File Storage: Using the Regions of Interest (ROI) Tool
.xml Files and Land Classification
We are taking a short break from the Spectral Hourglass Workflow Series to discuss file storage. This blog will focus on the file sizes associated with the Regions of Interest and Scatter Plot Tools, and more specifically when these tools are used to create training data for the purposes of land use classification All classification was done using a Landsat 8 scene collected by the USGS. For more information on Land Classification as it pertains to ENVI consider checking out some of the courses we offer; Spectral Analysis, Exploring ENVI, and Vegetation Analysis as well as videos, whitepapers and case studies found on our website.
Just because a large number of pixels are contained within an ROI does not mean that the file size will be similarly large. The ROI Tool has the ability to contain an immense amount of pixels within each class and have this stored in the .xml file in a few lines of code. If you use ENVI (or many other applications) you should have some .xml files on your machine, you can view them with a code-editing software. A powerful capability within the ROI tool is the ability to apply a threshold on a band for the purposes of classifying a feature type or endmember, and this takes up a mere 10 lines of code.
Due to the nimble nature of Band Thresholding and the .xml file type you can create a large number of ‘Regions’ that help to classify potentially millions of pixels in a scene, with a file no larger than a few dozen kilobytes.
Drawing large polygons in the ROI Tool will not increase the file size significantly due to the fact that the only statements required in the code are the coordinate system of the data and the coordinates of the vertices of the polygon.
The Pixel Tab should be used for small groupings of pixels or individual pixels. When utilizing the functionality contained within the Pixel Tab incorrectly your file size increases drastically as all of the pixels are referenced in a Samples, Lines (X,Y) structure, which can be cumbersome. It is intended to be applied to a small number of pixels when you have accurately identified the desired feature/endmember and wish to create an ROI.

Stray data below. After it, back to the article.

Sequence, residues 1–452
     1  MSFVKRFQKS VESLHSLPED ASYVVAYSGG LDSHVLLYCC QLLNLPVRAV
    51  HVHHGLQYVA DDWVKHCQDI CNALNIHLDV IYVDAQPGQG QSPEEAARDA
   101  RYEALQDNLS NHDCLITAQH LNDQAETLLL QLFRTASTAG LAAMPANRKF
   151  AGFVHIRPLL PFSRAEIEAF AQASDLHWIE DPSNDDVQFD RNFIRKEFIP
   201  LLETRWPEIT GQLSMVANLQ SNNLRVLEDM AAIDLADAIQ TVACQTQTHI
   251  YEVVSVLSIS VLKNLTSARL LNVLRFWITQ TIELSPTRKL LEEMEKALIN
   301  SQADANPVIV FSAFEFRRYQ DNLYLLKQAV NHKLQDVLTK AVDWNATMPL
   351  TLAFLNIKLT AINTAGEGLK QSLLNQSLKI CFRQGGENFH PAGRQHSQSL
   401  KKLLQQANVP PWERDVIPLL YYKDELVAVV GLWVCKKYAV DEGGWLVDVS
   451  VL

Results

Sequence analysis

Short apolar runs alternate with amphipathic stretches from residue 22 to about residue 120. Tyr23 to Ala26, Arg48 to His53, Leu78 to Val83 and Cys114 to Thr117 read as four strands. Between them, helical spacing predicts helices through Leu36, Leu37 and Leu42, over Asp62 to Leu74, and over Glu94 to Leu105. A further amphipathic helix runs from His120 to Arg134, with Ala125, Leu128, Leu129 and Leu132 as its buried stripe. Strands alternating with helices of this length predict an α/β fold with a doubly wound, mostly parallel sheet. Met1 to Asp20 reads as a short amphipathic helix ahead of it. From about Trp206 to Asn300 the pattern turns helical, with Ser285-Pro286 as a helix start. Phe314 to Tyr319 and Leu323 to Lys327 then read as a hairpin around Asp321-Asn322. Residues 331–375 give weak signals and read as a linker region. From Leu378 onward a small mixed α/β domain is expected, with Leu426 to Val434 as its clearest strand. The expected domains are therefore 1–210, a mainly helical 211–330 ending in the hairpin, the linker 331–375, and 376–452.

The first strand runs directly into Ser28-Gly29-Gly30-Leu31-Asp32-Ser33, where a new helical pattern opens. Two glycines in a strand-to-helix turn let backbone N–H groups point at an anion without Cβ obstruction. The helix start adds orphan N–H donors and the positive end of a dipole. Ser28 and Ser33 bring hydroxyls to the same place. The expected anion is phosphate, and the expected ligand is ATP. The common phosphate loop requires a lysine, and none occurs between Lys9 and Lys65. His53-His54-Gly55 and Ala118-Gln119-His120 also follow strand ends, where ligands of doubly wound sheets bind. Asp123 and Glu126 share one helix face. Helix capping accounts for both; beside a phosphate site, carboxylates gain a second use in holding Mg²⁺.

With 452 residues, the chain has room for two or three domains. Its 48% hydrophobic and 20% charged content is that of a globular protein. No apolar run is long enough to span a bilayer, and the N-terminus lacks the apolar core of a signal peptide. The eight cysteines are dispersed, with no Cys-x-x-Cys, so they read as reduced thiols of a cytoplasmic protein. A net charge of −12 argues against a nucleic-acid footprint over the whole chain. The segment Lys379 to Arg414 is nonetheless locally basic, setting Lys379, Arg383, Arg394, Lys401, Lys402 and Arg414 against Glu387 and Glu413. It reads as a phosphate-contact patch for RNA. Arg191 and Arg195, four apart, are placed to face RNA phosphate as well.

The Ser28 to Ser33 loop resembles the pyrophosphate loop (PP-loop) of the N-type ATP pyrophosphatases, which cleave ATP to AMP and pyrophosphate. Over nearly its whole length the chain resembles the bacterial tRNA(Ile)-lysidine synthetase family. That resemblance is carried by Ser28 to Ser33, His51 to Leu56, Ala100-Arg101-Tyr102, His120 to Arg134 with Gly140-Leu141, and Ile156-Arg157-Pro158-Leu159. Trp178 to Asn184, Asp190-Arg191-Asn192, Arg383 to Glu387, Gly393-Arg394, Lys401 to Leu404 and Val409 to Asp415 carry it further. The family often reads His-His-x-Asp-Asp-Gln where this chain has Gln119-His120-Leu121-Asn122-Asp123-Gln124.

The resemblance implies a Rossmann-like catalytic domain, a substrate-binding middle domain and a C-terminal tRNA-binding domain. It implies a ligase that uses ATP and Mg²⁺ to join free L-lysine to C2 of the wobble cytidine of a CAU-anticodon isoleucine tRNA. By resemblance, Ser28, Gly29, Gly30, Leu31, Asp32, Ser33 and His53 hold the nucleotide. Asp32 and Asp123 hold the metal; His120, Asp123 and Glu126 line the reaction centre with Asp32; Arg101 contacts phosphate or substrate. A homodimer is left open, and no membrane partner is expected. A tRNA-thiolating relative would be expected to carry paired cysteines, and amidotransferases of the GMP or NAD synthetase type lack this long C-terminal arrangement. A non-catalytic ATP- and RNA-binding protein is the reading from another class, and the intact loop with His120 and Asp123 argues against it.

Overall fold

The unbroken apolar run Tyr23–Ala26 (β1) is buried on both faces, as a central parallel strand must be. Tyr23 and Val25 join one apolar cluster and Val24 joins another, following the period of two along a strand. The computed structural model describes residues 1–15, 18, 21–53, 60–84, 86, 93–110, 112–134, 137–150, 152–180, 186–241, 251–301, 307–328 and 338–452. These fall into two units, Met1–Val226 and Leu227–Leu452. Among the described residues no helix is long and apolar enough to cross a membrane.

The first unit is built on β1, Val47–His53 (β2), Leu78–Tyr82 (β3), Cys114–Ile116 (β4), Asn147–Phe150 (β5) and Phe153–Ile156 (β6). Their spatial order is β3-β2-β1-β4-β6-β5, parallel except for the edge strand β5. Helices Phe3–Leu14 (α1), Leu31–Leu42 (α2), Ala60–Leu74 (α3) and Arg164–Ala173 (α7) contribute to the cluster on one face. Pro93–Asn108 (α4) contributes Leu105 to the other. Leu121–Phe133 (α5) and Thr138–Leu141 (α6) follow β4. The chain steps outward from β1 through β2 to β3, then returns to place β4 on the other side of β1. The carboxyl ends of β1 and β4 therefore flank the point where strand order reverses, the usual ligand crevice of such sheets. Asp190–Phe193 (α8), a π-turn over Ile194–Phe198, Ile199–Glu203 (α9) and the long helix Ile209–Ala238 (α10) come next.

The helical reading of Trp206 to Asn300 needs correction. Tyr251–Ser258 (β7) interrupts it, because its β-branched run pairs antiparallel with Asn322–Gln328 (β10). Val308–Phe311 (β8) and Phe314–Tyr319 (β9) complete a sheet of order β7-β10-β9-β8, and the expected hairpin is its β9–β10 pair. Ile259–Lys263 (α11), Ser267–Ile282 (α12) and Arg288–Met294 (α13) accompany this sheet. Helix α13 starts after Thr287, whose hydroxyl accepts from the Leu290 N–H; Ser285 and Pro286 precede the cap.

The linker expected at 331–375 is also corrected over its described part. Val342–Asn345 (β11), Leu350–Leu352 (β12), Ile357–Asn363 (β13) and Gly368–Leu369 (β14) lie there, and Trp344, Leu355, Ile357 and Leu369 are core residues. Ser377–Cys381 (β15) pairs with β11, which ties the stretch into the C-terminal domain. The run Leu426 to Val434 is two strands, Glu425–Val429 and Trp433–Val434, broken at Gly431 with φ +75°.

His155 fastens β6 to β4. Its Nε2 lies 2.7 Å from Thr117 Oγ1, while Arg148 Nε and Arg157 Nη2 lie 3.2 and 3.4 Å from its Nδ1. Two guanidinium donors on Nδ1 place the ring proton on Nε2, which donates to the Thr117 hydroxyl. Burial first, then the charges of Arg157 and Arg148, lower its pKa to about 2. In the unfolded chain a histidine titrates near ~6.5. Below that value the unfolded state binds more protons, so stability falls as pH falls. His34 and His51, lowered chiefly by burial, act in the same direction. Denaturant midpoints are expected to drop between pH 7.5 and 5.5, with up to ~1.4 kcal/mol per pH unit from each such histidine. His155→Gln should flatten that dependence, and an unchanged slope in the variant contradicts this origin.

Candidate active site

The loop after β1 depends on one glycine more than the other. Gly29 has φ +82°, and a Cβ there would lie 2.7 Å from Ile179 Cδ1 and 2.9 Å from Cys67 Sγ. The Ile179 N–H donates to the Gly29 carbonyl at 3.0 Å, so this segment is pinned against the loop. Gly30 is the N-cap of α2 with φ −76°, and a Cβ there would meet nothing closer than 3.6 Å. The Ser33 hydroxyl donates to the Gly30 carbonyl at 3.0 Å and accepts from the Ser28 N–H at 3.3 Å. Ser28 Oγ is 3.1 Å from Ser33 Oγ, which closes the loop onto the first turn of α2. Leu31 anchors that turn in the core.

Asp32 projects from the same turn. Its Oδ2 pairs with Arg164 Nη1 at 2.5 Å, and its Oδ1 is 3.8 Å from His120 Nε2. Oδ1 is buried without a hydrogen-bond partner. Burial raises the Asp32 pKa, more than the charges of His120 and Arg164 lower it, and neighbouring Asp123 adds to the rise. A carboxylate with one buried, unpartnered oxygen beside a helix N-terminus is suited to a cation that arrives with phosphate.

Overall the file sizes are not a major concern. However, there are some things to be wary of much like the use of the Pixel Tab. When you utilize the Scatter Plot to import a large number of pixels into an ROI Class, one million pixels or greater, it will result in large file sizes. This is due to the fact the spatial information for the ROI is organized in the same way as the Pixel Tab functionality, Samples then Lines. It is easy to see how when more than one million pixels are referenced individually by their exact location via Samples and Lines, the space needed to store that amount of information would be vast in comparison to Band Threshold or drawing polygons.
The Scatter Plot is incredibly useful for all types of imagery, but specifically with Hyperspectral datasets where the spatial extent is relatively small in comparison to multispectral datasets such as this Landsat 8 scene.
The best way to use the Scatter Plot when working with large swaths of data is to zoom in to a closer spatial extent and deselect the Full Band option within the Scatter Plot dialogue. This will still allow you to compare the spectral statistics of your data, but will save space in data storage. When you attempt to export more than one million pixels at a time from the Scatter Plot Tool into an ROI you will encounter a warning message, if data storage is of a concern it would pay dividends to be wary of exporting this large number of pixels.
If you have any questions please feel free to send me an email at email@example.com.